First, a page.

Training for the members was given in 5 phases. 1st training (TOT, training of trainers) was done by consultants to the staff of headquarters and the data checking staff from each province, from Sep. 26th to Sep. 28th. The training included theory and practise. The 2nd, 3rd and 4th training for the data collection teams were carried out by CBS and ICN trainers as three batches of about forty participants. The participants received the questionnaires in Korean and English, and guidelines of nutritional assessment in English were distributed to the international staff. TOT trainers gave these trainings in accordance with the same contents and procedures as that given in the TOT from Sep. 29th to Oct. 4th. The 5th training (Oct. 2nd - Oct. 3rd) was given to the provincial data entry and logistic teams. The former 4 trainings took place at Grand People's Study House and the last 5th training at CBS.
The questionnaire, the main instrument of survey, was composed of 4 parts; household questions, maternal and newborn health questions, child anthropometry and maternal anthropometry. Considering the requests of UNICEF/WFP, the questionnaire was based on the standard MICS questionnaire of UNICEF with parts not directly related to Nutrition removed. Additional questions related to food source and intake was included. Maternal and newborn health questionnaire was asked only to mothers with a child under 2, and consists of 6 modules, namely: maternal and newborn health; Vitamin A coverage, breastfeeding; care of illness; immunization; and maternal food frequency questions. Child anthropometry module subdivided into anthropometry (child under 7), anthropometry and haemoglobin (mother with children aged less than 2) modules. Maternal anthropometry module contained the MUAC and haemoglobin test.
Weight was measured to the nearest 0.1kg using the UNISCALE in accordance with manufacturer's instructions. All children aged less than two years of age weighed in arms of their mother. Height/ length were measured using a wooden board especially developed and adapted locally to measure to the nearest 1.0mm. All children under two years were measured lying down, and those over two standing up. Mid Upper Arm Circumference (MUAC) was measured to the nearest 1.0 mm on the mothers of children under two using a plastic insertion tape provided by UNICEF. The mothers of children under two were only measured MUAC. Among mothers of children under two who agreed to have a test, Haemoglobin was measured in the field using the Haemocue method.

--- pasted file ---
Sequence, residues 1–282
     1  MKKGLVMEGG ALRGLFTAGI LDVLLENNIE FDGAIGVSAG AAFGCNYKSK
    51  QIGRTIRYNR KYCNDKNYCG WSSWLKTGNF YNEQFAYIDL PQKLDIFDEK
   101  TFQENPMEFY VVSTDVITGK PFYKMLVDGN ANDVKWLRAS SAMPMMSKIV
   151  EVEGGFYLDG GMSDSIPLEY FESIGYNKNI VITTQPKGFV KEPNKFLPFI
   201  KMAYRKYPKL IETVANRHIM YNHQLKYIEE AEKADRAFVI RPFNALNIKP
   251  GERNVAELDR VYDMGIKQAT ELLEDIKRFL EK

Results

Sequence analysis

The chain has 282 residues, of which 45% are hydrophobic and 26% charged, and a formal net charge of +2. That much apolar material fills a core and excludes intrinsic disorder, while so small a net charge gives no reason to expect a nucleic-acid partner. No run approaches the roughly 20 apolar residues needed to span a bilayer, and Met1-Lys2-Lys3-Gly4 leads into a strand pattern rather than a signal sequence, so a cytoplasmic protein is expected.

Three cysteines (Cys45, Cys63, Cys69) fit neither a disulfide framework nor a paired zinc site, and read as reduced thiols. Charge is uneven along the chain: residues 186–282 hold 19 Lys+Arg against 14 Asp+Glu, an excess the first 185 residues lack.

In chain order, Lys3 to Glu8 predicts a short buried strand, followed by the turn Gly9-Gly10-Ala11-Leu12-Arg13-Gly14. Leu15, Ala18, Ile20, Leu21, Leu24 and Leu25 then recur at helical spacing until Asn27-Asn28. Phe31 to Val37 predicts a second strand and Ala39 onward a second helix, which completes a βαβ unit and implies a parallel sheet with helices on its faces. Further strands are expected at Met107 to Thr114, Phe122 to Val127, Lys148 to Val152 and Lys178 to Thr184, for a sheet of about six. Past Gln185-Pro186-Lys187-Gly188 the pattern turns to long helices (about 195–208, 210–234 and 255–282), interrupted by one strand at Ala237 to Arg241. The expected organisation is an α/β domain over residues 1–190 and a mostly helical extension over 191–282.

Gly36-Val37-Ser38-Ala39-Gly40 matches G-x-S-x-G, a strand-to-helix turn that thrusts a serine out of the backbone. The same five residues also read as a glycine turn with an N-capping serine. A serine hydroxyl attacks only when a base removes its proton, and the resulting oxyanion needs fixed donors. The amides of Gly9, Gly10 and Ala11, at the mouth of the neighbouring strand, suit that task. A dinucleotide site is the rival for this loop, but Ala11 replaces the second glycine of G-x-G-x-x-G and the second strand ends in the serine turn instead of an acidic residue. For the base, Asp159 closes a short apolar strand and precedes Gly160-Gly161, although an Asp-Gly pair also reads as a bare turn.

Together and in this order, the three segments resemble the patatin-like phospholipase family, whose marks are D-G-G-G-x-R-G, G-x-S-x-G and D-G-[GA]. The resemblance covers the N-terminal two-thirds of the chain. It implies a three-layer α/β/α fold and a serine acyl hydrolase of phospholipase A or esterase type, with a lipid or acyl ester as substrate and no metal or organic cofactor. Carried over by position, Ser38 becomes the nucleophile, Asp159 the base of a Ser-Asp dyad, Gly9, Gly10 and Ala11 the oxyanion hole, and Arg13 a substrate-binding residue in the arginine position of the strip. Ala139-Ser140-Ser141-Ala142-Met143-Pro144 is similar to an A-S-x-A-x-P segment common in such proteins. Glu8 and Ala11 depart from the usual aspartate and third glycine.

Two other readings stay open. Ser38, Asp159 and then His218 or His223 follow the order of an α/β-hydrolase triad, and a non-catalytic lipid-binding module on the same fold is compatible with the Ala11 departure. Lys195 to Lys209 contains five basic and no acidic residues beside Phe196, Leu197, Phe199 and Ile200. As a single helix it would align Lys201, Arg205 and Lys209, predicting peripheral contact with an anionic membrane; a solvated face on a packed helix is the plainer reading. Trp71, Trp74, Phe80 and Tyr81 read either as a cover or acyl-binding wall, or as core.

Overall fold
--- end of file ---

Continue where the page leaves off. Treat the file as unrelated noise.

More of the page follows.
Roles and responsibilities of data collection team member
The roles of the data collection team members were very complementary and equally important, such that good teamwork was essential for the success of the survey. The division of responsibilities across the members of the team was as follows; The CBS staff was the principle person responsible for all interviews. The ICN staff was the principal person responsible for the anthropometrical and clinical examinations. The national UN officer in close collaboration with the international UN officer was the main person responsible for doing the random selection of nurseries, and identifying the index child through house to house seeking, identifying and referring of mothers to the central location. Five officers from UNICEF and 15 officers from WFP took part in this survey. The survey was carried out with the interviews and clinical examinations by every collection team.
Before fieldwork began, the anthropometrists from ICN performed a standardization protocol, especially developed based on a model obtained from WHO Geneva that measured their precision and accuracy. Based on a first standardization test, the accuracy of seven anthropometrists was improved by correcting their measurement technique. The result of the second improved anthropometry standardization procedure on all 20 anthropometrists was available for inspection.
Organization of the fieldwork